William Congreve (1670-1729) playwright and poet
About the work
The playwright and poet William Congreve wears a wig and velvet coat as he gestures to the English landscape in the background of this mezzotint portrait.
This print, after an original portrait by Godfrey painter Sir Godfrey Kneller, was published in 1733. The original is one of the 48 portraits of members of the Kit-Cat Club (committed to the furtherance of Whig objectives), commissioned from Kneller by founding member Jacob Tonson the elder, a bookseller. The original portrait is now in the collection of the National Portrait Gallery, London. Kneller’s drawing of Congreve’s facial features, made in preparation for the painting, is in the collection of the Courtauld Institute, London.
The plaque on Congreve’s memorial at Westminster Abbey includes a copy of this portrait in relief by sculptor Francis Bird. It was commissioned by Henrietta Godolphin, second Duchess of Marlborough, with whom Congreve fathered a daughter, Mary.
About the artist
John Faber I was born at The Hague and worked as a portrait miniaturist in the Netherlands until at least 1696. By 1698 he had settled in London. He began to experiment with mezzotint engraving and, by 1707, established a printselling business in the Strand. Faber produced a wide range of engraved portraits, including those of clergy and Jacobites, and four portraits of Charles I. He also made series of portraits such as ‘Twelve Ancient Philosophers’, after Rubens. From 1711 to 1712 he collaborated with engraver George Vertue on a project to engrave portraits in the Bodleian Library, Oxford, and he later made a series of founders of Oxford and Cambridge colleges. His son was engraver John Faber (c.1695-1756). He died in Bristol, aged c.61.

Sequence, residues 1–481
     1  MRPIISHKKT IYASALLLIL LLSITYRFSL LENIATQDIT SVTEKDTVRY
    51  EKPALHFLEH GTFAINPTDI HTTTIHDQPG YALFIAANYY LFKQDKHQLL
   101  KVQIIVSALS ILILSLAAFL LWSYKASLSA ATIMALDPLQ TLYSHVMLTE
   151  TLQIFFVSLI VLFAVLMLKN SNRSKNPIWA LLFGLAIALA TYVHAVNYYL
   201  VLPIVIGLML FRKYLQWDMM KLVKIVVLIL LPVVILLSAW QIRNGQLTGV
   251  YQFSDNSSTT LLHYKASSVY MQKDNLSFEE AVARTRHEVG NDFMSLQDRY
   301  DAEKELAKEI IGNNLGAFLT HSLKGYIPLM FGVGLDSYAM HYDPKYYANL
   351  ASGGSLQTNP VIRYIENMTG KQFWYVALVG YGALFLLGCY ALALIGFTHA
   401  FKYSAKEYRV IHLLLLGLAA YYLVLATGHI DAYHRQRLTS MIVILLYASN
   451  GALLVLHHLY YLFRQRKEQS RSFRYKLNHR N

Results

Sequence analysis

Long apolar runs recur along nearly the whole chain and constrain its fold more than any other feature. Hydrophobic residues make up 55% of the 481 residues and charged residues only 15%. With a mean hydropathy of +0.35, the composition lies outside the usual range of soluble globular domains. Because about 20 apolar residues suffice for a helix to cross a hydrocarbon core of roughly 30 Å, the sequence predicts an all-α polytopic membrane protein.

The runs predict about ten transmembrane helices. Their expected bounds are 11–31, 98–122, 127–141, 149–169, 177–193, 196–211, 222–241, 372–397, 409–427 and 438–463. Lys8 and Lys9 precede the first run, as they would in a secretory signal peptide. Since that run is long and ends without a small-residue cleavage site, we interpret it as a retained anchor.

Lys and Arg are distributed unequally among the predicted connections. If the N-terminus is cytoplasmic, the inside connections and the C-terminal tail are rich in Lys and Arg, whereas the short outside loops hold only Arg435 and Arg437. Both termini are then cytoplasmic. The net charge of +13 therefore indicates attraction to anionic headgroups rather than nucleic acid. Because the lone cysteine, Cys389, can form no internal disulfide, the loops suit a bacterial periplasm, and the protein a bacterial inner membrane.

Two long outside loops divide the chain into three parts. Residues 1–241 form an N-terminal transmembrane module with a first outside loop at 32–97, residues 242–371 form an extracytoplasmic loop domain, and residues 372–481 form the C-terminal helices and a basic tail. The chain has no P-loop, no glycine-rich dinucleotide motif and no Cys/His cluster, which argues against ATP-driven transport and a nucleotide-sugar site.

Godfrey Kneller was born in Lübeck, Germany. He moved to Amsterdam in 1662 to study painting under Rembrandt and Ferdinand Bol. He later trained with Gianlorenzo Bernini and Carlo Maratta in Rome. He returned to Lübeck in 1675, before moving to Hamburg and then to London to study the works of van Dyck. In England he received commissions from prominent figures, including Charles II. Charles sent Kneller to France in 1684, to paint the portrait of Louis XIV. Kneller maintained his position at court after the accession of James II in 1685 and, when William and Mary came to the throne, he and portraitist John Riley became joint Principal Painters to the Crown. Following Riley’s death, Kneller alone retained the position. He was 77 when he died.